Magic Tricks And Brain Art: The Week’s Best Psychology Links

Keyboard for ideaOur weekly round-up of the best psychology coverage from elsewhere on the web

Recent work has cast doubt on many previously reported priming effects — but the kind of priming used by magicians may in fact work, writes Jennifer Ouellette at Ars Technica. Researchers used the gestures and verbal cues employed by illusionist Derren Brown to try and encourage participants to think of a 3 of diamonds when given the choice of any card from a deck. And it worked: participants picked that card 18% of the time, much higher than would be expected by chance.

Psychologist Stuart Ritchie has a new book out, Science Fictions, which explores the flaws, biases and outright fraud that undermines psychology and science more generally. He talks about the book with Shamini Bundell for this week’s Nature podcast.

The Netherlands Institute for Neuroscience has announced the winners of their “Art of Neuroscience” competition. The images are pretty cool, ranging from straightforward microscopy photos to the rather more abstract. Check them out at Scientific American.

Yet another study has concluded that playing violent video games doesn’t lead to aggression, reports Alex Hern at The Guardian. Researchers conducted a meta-analysis of longitudinal studies investigating the link between playing violent games and later aggression or violence. Although the team found an overall significant effect, this effect was so small to be meaningless from a practical perspective

It’s a common idea that pregnant women are biologically and evolutionarily hardwired to “nest” — tidy, decorate and so on — in the weeks and months before their child is born. But there’s no scientific evidence that that’s the case, writes Arianne Shahvisi at Psyche.  In fact, to claim that it has a biological basis obscures the much more likely explanation that “nesting” is the result of cultural stereotypes about the role of women in the home.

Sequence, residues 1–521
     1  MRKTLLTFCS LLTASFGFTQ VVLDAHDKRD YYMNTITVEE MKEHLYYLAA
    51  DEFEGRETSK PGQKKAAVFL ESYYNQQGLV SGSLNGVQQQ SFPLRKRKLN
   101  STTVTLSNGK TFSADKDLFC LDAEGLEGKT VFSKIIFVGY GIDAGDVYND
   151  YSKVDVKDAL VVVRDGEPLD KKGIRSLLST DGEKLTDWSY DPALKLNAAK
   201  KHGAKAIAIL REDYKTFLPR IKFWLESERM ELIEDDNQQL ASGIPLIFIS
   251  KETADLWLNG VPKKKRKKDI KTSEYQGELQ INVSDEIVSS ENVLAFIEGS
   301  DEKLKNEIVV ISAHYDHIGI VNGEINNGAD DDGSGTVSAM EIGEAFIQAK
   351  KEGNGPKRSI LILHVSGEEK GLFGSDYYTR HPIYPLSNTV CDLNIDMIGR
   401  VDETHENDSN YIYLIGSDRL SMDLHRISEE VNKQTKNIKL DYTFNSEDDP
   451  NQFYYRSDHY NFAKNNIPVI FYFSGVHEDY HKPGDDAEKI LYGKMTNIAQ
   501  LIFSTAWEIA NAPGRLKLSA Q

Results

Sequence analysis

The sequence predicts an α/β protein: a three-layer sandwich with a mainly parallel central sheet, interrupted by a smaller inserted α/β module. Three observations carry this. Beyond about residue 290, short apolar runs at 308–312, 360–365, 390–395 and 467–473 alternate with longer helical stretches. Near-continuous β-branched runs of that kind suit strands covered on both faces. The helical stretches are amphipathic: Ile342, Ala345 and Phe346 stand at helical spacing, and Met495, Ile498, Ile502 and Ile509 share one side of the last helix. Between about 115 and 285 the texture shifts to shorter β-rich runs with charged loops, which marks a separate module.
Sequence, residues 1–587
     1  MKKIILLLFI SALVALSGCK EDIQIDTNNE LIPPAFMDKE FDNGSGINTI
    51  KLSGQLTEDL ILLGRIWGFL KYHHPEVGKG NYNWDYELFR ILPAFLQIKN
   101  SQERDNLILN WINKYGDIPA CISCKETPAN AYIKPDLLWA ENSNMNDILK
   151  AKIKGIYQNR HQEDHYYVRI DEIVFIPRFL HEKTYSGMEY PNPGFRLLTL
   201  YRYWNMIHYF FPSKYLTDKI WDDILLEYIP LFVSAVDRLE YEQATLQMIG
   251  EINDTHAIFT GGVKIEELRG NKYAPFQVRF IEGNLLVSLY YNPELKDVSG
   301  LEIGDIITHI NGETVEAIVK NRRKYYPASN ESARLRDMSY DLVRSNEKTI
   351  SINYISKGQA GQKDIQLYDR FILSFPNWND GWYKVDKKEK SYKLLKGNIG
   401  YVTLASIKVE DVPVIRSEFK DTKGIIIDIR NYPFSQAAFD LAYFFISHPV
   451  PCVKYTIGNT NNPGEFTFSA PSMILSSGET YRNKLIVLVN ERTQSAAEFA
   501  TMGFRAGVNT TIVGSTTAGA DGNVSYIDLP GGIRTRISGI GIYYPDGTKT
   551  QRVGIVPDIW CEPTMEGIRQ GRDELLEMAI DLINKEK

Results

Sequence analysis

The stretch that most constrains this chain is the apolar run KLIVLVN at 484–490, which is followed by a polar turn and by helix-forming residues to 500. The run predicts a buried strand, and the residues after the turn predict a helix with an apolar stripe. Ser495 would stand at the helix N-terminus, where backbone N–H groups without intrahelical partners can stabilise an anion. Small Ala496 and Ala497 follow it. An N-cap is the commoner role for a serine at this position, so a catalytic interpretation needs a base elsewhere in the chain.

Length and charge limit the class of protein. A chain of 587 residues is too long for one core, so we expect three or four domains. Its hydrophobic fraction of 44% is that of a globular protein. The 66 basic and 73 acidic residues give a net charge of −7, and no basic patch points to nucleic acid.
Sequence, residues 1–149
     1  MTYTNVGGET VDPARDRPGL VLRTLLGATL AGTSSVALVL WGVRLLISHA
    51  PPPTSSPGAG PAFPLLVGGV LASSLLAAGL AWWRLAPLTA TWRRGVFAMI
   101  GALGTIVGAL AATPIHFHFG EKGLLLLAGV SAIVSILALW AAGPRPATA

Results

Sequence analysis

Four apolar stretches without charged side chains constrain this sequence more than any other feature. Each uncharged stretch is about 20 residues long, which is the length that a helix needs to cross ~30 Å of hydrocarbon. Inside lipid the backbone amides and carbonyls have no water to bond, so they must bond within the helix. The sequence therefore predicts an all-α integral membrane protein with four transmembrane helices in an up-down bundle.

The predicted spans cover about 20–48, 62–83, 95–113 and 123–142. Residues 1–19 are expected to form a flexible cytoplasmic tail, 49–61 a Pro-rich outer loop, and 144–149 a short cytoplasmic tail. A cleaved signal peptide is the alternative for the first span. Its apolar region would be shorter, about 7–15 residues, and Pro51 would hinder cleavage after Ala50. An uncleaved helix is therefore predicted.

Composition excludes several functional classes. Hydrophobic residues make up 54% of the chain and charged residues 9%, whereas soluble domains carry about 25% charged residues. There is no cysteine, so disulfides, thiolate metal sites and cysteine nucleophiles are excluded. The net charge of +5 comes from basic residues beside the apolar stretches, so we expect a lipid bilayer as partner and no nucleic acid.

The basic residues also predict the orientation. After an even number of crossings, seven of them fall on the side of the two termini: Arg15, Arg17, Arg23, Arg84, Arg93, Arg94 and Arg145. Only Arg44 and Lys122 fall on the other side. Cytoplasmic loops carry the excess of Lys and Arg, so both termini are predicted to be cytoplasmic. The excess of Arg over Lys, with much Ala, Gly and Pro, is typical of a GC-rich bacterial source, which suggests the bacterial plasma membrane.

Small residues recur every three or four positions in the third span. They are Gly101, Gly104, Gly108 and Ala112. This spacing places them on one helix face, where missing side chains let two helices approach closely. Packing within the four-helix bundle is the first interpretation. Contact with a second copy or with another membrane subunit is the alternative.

Having a “strategic mindset” could help you to achieve your goals, reports David Robson at BBC Worklife.  Researchers found that the kind of people who adapt and refine their approach when faced with obstacles are ultimately more likely to reach a goal, such as learning a new language or losing weight.

Most of us have been on the receiving end of a rude email from a co-worker — and can relate to the way it really gets under your skin. Impolite emails can lead workers to experience more negative emotions and even experience more stress when back at home. And now a study has shown that even “passive” rudeness — ignoring a co-worker’s request, for instance — can create stress. We should all think about improving our “netiquette”, write the researchers, Zhenyu Yuan and YoungAh Park, at Scientific American.

Compiled by Matthew Warren (@MattbWarren), Editor of BPS Research Digest